Wednesday, January 25, 2012
I Speak Geek.
These are three convergent zones that ignited this post, though I had been sitting on the idea for a while:
First, Tome pondered the question about what we marmots do in real life.
Then, Navimie wants us to get our geek on.
Finally, Ironyca's Series on the social media psychology of WoW (fascinating reading):
Since I fell down the rabbit hole into Azeroth, the climb back out as not been easy. (Coincidentally, Vidyala's post on how lovely it is to have dinner with a loved one came out yesterday.)
Here's the thing: although there is some important professional/real life and defense of playing WoW in my current profession, I try to keep the two separate. I am good, if not great, at my job. One could even say I am a master. It's one part lion-tamer, one part cultural ambassador, three parts mother earth, and five parts "Hulk Mad." (No plaid shirts were harmed in the making of this job.)
I seldom talk jobs/careers with my players friends while we're hanging out together, and they rarely bring things up. Once in a while we'll mention something, but the workaday world is left behind for a bit. That's one reason why I loved Ironyca's series, because it really made me think about who are my real id friends, and not. I laughed when I read about someone saying they were someone's brother to get some peace and quiet, because I've been told that, too. Not saying this friend was fibbing, but dang, I am sorry if he felt that he couldn't tell me, "I just need some peace and quiet," because I would really understand. My real life involves a daily dose of interacting with a lot of people, and my time to be inside my own head is precious to me. (In truth, I think he was dodging an aggressive gnome girl--they can be clingy.) In any case, I find that I have the calm, mellow friendships with my player friends whether or not they are real id friends or not. Maybe that just comes with maturity--you just learn it's okay to say no, not feel bad, and move on. It takes women especially a while to learn to say 'no' and not feel guilty. Walking around Barnes & Noble the other night I couldn't help but remark to myself how many books on the shelves and calendars were all about 'women who do too much.' Bitch, please. Oprah's off the air I think, so relax. She's not looking anymore.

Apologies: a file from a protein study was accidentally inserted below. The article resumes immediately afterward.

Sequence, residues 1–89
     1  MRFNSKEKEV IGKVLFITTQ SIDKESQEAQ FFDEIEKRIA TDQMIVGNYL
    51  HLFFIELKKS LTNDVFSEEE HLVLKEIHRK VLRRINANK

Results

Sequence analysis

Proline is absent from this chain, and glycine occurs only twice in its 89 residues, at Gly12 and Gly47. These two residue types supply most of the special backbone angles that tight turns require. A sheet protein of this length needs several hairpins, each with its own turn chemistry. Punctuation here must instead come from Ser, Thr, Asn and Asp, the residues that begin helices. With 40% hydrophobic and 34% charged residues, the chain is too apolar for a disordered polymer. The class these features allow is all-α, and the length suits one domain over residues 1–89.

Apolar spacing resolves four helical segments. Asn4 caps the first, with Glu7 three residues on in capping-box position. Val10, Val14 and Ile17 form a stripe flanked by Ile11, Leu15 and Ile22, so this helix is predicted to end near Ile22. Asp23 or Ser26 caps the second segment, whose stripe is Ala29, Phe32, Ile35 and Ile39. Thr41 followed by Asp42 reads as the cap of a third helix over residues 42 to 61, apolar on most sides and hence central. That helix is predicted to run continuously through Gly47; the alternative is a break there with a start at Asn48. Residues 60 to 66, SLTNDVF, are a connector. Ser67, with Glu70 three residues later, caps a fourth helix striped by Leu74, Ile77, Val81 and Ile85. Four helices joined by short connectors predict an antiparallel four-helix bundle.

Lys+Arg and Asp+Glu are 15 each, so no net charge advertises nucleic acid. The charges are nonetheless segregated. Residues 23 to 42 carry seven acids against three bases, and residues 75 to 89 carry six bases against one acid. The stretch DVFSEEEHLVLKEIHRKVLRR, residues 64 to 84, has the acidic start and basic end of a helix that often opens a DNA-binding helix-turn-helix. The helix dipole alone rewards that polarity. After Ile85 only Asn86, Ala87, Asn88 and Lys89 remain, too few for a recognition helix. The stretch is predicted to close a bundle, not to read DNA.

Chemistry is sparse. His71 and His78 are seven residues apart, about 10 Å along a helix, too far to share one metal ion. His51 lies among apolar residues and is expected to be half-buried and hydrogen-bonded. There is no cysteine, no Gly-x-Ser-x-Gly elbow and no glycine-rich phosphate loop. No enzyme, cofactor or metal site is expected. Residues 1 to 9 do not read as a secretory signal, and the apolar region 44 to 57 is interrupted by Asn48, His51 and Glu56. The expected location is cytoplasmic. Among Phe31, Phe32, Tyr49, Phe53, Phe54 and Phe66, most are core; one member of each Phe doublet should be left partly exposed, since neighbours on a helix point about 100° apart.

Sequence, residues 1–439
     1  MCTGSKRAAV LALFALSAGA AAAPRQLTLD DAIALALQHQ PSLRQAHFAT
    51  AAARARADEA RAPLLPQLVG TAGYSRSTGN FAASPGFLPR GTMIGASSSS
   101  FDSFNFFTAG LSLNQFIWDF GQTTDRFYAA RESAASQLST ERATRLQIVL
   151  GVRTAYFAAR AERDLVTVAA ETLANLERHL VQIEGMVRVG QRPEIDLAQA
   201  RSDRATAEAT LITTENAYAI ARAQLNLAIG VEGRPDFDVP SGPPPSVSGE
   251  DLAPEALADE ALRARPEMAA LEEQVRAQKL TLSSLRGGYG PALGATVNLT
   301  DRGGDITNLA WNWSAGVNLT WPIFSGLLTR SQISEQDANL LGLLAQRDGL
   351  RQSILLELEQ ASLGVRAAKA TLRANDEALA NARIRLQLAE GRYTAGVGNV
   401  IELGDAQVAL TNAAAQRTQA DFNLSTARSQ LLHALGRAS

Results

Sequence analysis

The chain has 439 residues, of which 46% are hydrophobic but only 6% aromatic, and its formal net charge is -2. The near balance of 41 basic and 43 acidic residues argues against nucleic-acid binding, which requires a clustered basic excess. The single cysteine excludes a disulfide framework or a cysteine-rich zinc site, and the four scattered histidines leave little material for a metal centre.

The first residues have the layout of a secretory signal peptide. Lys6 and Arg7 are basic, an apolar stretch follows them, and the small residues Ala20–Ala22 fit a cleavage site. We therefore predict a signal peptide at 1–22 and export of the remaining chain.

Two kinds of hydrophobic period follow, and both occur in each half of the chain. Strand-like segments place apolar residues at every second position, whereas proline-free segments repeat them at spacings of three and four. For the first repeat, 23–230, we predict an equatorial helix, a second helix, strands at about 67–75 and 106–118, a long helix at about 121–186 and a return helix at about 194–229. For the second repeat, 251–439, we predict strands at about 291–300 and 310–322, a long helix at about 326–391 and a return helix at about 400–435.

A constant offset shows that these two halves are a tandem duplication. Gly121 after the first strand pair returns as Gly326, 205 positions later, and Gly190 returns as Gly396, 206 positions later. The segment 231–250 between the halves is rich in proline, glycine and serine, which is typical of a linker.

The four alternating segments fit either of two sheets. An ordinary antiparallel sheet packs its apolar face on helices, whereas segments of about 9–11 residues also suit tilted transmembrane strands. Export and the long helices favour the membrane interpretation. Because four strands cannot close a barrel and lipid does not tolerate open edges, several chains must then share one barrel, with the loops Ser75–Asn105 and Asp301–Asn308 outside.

Anyway, note to friend: If I ever bothered you, I apologize. I miss you, and hope you are well. Haven't seen the gnome girl much, so the coast is clear. You can come out now.
Getting My Geek On:
Now, the other side of this issue: In Azeroth I don't have much real life shop-talk; conversely, in real life, I don't speak Azerothian "common tongue." There are a few who know my compulsions, and one dear friend even has a brother who plays, but he is a solo troll, and has no interest in talking to anyone in game, ever. Nothing personal. A colleague will ask if I spent time "in the service of Good King Wyrnn" (that's how he talks - gotta love it) and yes, indeed, kind sir, Azeroth sleeps safe once again.
But as far as being a general geek/dork, oh yes. I just didn't know I was. I just found out that there will be no Blizzcon this year and I am heartbroken. Damn! And I was already figuring out how to rock my prosthetic horns (in a manner of speaking). Maybe I should have known I was a geek since one of my favorite books is Geek Love by Katherine Dunn. But those are the real McCoy, chicken heads and all.
What's been funny for me is that I have known grandmothers and mothers who are guildmasters, and neighbors who invited other player friends to visit, cross-state. It's like a big WoW treasure chest, but the X that marks the spot to find other nearby players is a confusing map, and every compass spins wildly. Meaning, I don't have a lot of local support. Some of my bestestest people in my life play, too, but we don't play together per se. Sitting on the couch and farming ore while the Daily Show is on doesn't count, does it?
The above diagram will give you a little peek on my inner-sanctum while I play, work, and check my e-mail. And while I'm driving to work, this nod to the Big Lebowski can be seen barreling down the streets:
Lebowski Fest since Blizzcon is defunct. If you want, I'll meet you there and we'll just have to abide together.
Theme song: Come Out and Play/The Offspring